A FINAL TOAST: Senior columns
It was April of my junior year, and I was going on at least three days without any sleep. I was tired, scared and sick of being like this. People had been telling me for months now that I needed to do something about it, but I blindly hoped things would get better.
Somehow, at that moment, it was clear that things weren’t going to just “get better.” Everything that had gone wrong suddenly seemed clear to me, and it was up to me to fix it.
I wasn’t depressed, but I was on a downward spiral toward that point. Between school and my job, I was overworked and unable to spend time doing things I enjoyed. Little things got to me more than they used to, and it had been a
long time since I was truly happy.
Before college, I would have never thought this would happen to me. I came to Kent State ambitious, hardworking and always optimistic.
People told me about all the great things I could be: one of the top editors at the Stater, at an internship in a thriving city, and eventually with a great job (as long as I wasn’t attached to anyone and was willing to move out of Ohio).
These all sounded great at age 18. I looked up to the top editors, and wanted to be like them someday; I fantasized about doing my internship in a city I’d only dreamed of visiting; and I thought of what might be beyond Ohio, laughing at the notion that I would find someone at Kent State who I’d even want to be “attached” to.
Then, things slowly started to change. I made the best friends I’ve ever had. I met my boyfriend, now of more than two years. I became closer to my family than I’d ever been.
Bigger jobs meant less time to spend with these people. A faraway internship meant leaving them behind for a few months. And moving away from Ohio for good … well, I just couldn’t picture that anymore.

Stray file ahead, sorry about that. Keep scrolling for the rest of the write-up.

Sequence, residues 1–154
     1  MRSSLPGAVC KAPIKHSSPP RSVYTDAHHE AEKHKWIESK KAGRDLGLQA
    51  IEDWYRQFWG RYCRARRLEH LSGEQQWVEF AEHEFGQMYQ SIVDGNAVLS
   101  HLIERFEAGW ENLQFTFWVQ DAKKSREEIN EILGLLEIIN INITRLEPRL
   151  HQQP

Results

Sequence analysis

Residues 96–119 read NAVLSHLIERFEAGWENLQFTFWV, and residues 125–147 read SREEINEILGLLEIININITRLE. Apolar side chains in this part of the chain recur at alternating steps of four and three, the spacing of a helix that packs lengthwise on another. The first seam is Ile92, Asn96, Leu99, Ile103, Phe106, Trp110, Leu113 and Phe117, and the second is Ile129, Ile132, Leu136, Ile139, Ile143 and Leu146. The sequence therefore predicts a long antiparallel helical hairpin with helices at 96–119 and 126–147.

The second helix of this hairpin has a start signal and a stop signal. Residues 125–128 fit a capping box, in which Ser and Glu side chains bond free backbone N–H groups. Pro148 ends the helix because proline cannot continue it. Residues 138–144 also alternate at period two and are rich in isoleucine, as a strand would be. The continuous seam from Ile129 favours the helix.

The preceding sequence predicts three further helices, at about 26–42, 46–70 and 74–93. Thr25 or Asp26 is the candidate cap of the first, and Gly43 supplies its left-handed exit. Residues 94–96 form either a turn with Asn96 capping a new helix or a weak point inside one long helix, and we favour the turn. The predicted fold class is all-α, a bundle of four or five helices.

I hit that low point that afternoon in April because I couldn’t give my all to everything — the people I loved and the work I liked.
So I chose the people. You can find a new job, I realized, and even if it isn’t perfect, it’s the people you come home to that really matter.
I now know that I’m the type of person who needs a job where I can ask off for a family member’s birthday. And I won’t work overtime if I have a date planned with my boyfriend that night. As soon as I accepted this fact about myself, I became more optimistic and happy than I have ever been.
Almost everyone will someday be faced with the choice between work and the people in their life. Your first job might be cutthroat, where everyone is expected to put in overtime hours, leaving no time for friends and family. Or years down the road, you might have a boss that won’t let you take off for your child’s first birthday.
Go ahead and like your job — love it, even. But when faced with that choice, choose people. That decision, that conscious effort to always put the truly important things first, is what saved me.
Christina Stavale is a senior newspaper journalism major and managing editor of the Daily Kent Stater. Contact her at